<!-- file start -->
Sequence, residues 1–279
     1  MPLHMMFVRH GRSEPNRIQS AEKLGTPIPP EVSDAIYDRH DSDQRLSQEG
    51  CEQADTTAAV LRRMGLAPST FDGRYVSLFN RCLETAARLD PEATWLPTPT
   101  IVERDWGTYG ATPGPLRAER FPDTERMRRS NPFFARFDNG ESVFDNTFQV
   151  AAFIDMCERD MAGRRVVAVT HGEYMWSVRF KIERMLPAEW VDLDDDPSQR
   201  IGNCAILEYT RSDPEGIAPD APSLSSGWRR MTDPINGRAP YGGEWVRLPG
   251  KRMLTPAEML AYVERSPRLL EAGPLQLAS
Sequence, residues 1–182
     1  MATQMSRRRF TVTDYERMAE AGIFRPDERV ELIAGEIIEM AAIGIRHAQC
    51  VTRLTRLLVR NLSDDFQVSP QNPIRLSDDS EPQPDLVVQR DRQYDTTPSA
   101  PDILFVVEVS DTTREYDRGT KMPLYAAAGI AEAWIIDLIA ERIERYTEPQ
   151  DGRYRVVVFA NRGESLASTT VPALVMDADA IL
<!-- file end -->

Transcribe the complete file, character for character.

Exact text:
Sequence, residues 1–279
     1  MPLHMMFVRH GRSEPNRIQS AEKLGTPIPP EVSDAIYDRH DSDQRLSQEG
    51  CEQADTTAAV LRRMGLAPST FDGRYVSLFN RCLETAARLD PEATWLPTPT
   101  IVERDWGTYG ATPGPLRAER FPDTERMRRS NPFFARFDNG ESVFDNTFQV
   151  AAFIDMCERD MAGRRVVAVT HGEYMWSVRF KIERMLPAEW VDLDDDPSQR
   201  IGNCAILEYT RSDPEGIAPD APSLSSGWRR MTDPINGRAP YGGEWVRLPG
   251  KRMLTPAEML AYVERSPRLL EAGPLQLAS
Sequence, residues 1–182
     1  MATQMSRRRF TVTDYERMAE AGIFRPDERV ELIAGEIIEM AAIGIRHAQC
    51  VTRLTRLLVR NLSDDFQVSP QNPIRLSDDS EPQPDLVVQR DRQYDTTPSA
   101  PDILFVVEVS DTTREYDRGT KMPLYAAAGI AEAWIIDLIA ERIERYTEPQ
   151  DGRYRVVVFA NRGESLASTT VPALVMDADA IL